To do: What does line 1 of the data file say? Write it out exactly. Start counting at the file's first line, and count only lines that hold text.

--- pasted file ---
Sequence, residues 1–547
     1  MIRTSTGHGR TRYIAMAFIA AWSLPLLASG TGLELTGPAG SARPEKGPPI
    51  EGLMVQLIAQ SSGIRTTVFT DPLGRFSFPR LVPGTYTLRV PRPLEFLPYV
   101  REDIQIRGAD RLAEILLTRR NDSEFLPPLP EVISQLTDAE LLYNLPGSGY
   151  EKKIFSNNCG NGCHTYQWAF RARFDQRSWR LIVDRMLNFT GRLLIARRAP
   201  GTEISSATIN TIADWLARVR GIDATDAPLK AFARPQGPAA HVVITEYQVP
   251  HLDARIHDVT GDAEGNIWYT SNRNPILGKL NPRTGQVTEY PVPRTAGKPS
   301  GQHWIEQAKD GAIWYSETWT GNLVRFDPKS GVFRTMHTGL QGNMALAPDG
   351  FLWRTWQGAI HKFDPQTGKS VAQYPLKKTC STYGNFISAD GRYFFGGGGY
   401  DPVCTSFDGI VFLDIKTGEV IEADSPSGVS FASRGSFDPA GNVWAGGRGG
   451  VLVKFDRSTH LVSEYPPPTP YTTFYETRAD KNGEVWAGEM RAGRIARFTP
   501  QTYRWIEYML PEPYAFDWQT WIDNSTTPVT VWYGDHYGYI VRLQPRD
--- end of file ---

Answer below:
Sequence, residues 1–547